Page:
The BWR review of "Head First"
Badfinger - Head First: Snapper Music - Copyright ©2000
CD 1: Head First CD2: Demos/Bonus Tracks
I just received my advance copy of the Snapper Music release of Badfinger's "Head First" (The Last Sessions). My copy came with a very nice slipcase printed with front and back CD information on the slipcase. The CDs are enclosed in a clear slim-line CD jewelcase with a center partition that holds both CDs face to face. There is a very nicely done 20 page CD booklet that lists the songs and authors for all the songs. The lyrics are printed for each song along with some individual photos of each of the Badfinger line-up for these recordings: Pete Ham, Tom Evans, Bob Jackson and Mike Gibbins. You will notice right away that the theme color for both the CD booklet and the 2 CDs is green. It is an overall excellent looking package; well documented and produced. The lyrics are fairly easy to read, but the background is a bit busy for the eyes. It has been stated that Tommy wanted the original album cover to feature looking into a roaring lion's mouth and Snapper Music comes through with a really excellent CD cover for this Badfinger album. Nice job Snapper Music - great cover concept!
If you are like me and have only heard the bootleg versions of this CD, (i.e. Brilliant Road BRD003 "Head First" for example) will be in for a pleasant surprise. On the Brilliant Road bootleg CD, two complete versions of the "Head First" sessions are presented. The Warner Bros. mix and the original Apple studio mix. The Apple mix is very raw and rough mix of what the band produced in the last weeks of 1974. The Warner Bros. mix happened in early 1975 and attempted to put the rough mix into a form to present to Warner Bros. The Apple mix is known for the song intros, count-ins and background talking by the band. The Warner mix dropped those out and cleaned up the songs by balancing the vocals and the instruments.
What Snapper Music presents here is the original Apple studio mix, engineered by Phil McDonald and produced by Kenny Kerner and Richie Wise. Most of the song intros and count-ins are present, but what happens after that is a pure joy for the ears! Even though the recordings were done quickly and some of the songs never fully fleshed out, the CD digital re-mastering by Mike Romanowski, Dan Matovina and Andy Pearce of Masterpiece along with the CD digital editing by Chris von Sneidern and Mike Romanowski sounds just great! This release is full body sounding, not 'tinny' like some of the bootlegs out there. The beginning of "Lay Me Down" also does not have that annoying tape distortion that was presented on the "Best of Badfinger - Volume 2" from Rhino Records.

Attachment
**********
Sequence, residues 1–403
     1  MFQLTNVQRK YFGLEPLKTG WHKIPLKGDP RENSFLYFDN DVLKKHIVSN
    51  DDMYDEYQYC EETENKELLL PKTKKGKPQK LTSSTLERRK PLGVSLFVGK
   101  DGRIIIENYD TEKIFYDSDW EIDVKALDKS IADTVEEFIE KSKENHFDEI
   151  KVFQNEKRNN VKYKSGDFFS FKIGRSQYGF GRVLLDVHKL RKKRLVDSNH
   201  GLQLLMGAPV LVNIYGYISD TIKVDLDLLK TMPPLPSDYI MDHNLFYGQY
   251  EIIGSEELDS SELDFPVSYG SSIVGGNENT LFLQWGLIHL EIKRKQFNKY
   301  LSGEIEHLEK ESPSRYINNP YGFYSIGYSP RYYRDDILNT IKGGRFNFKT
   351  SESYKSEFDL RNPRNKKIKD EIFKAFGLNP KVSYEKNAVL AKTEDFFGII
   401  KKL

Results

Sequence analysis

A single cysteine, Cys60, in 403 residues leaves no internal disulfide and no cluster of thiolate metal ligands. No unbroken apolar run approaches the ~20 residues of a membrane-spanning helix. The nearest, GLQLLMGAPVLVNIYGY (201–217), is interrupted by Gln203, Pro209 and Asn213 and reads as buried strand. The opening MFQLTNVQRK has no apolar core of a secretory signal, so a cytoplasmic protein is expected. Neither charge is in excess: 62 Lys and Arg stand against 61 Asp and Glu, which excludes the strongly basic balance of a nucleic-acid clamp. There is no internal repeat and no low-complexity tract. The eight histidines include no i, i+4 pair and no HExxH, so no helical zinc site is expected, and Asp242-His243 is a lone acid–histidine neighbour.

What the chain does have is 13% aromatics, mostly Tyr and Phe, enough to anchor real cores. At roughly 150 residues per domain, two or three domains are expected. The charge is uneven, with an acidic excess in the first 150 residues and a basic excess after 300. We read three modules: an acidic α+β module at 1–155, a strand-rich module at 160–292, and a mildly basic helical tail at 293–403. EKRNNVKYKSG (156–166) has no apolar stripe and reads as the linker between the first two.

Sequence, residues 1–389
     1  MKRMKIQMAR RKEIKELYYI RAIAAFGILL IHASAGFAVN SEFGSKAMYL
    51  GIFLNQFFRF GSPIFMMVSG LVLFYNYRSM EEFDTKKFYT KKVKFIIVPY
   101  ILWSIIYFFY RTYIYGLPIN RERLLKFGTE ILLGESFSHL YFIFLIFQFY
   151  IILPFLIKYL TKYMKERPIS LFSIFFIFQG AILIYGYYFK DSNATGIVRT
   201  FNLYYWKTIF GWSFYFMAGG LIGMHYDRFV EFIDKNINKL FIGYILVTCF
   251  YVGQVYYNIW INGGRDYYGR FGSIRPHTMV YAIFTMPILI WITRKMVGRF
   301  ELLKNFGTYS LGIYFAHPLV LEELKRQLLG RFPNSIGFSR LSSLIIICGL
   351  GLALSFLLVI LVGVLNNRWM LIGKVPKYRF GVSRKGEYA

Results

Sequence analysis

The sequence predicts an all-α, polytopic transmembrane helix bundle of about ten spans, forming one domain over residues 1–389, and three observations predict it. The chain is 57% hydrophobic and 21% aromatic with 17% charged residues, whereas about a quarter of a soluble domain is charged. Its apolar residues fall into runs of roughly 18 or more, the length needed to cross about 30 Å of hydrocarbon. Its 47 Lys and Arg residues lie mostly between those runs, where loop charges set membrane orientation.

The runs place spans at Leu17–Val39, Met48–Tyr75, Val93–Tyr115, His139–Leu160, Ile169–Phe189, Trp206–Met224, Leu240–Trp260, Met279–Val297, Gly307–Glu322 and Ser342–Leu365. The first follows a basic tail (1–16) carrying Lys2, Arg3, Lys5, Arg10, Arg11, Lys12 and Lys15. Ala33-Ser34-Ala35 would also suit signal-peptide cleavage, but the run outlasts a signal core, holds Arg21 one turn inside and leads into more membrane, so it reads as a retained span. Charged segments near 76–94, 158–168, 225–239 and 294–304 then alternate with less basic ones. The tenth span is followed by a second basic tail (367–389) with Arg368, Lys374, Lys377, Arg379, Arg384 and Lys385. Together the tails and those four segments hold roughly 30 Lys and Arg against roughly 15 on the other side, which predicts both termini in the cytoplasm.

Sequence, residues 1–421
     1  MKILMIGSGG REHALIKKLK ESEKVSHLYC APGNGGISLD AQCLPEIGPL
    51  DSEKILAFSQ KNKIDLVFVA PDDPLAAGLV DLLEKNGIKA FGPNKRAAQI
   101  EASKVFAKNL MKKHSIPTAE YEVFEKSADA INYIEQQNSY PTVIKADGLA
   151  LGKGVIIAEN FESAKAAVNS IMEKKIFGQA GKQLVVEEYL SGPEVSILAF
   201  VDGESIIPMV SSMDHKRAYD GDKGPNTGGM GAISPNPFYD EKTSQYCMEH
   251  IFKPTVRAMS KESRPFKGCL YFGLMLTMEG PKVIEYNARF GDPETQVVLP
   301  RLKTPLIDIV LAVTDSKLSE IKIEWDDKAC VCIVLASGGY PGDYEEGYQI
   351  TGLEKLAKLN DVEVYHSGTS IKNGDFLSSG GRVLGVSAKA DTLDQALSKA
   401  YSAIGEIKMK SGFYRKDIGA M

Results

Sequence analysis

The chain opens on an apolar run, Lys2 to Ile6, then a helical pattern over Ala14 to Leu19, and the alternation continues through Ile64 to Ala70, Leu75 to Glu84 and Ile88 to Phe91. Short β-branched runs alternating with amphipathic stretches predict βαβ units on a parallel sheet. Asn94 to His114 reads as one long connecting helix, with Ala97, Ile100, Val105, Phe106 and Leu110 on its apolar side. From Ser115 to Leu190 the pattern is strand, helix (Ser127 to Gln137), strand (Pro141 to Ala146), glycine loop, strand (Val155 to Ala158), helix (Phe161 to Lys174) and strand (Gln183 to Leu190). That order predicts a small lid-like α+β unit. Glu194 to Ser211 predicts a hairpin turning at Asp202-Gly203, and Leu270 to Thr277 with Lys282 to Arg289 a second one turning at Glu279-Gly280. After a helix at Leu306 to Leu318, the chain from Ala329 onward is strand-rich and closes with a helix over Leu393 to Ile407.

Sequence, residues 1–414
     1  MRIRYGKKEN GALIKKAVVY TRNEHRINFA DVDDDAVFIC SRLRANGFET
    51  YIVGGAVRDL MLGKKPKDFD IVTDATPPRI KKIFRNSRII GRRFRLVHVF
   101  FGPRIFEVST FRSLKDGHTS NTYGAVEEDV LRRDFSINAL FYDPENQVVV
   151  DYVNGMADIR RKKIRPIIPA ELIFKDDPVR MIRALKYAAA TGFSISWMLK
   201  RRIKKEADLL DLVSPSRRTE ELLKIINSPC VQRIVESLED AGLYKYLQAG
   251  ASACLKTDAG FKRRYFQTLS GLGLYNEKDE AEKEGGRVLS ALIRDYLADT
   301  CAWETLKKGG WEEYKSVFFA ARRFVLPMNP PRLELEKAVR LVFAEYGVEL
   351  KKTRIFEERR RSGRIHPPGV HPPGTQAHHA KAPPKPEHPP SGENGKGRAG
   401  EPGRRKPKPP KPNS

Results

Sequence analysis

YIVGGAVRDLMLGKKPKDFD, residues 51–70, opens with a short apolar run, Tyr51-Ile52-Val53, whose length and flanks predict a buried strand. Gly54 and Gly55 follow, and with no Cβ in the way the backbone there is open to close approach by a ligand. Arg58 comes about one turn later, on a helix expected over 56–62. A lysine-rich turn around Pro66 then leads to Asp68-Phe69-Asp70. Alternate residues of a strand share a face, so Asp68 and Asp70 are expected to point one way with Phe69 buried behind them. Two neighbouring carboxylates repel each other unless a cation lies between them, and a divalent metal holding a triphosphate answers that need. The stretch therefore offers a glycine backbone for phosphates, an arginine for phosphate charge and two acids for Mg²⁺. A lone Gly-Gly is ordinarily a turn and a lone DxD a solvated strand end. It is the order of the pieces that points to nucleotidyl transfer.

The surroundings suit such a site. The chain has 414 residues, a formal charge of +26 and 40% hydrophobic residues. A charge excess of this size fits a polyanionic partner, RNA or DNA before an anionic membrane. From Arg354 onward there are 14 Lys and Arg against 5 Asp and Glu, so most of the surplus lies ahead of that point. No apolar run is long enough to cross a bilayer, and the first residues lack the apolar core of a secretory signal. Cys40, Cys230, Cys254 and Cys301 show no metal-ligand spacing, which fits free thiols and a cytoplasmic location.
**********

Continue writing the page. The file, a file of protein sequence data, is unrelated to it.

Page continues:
Badfinger fans may notice that the songs on this new "Head First" release are not in the same order as what was presented to Warner Bros. back in 1975. Dan Matovina shuffled the songs to help with the flow of the album. In my opinion, it works quite well.
Snapper Music "Head First" Original "Head First" track list
I think most Badfinger fans will embrace this long lost release. It is a pretty good follow-up album to "Wish You Were Here." Pete Ham double tracks guitar playing on several songs along with playing synth. Pete also does some tasty harmonica playing on Mike's "Back Again." Bob Jackson adds a new dimension to the sound of Badfinger, filling in the vacuum left when Joey Molland quit the band before the recordings began in December of 1974. Bob's contribution to this album is vocals, synth, piano, organ and he wrote or helped co-write on three songs. "Passed Fast," "Moonshine" and "Turn Around." I have always loved Mike's song "Back Again" and I hope that Mike gets a little more notice because he wrote or co-wrote three excellent songs for this session. Tom Evans only contributed one song on "Wish You Were Here" which was a bit of a disappointment, but on "Head First" Tommy came out strong with four very good songs that he either wrote or co-wrote. "Passed Fast," "Moonshine," "Hey, Mr. Manager," and "Rock 'N' Roll Contract." The last two songs were all about what was to come to a head in the next several months with the Badfinger management. A slightly different version of "Rock 'N' Roll Contract." was re-recorded for the "Say No More" album. The "Head First" CD is a bit short in length, clocking in at 33:40 but the experience is worthwhile.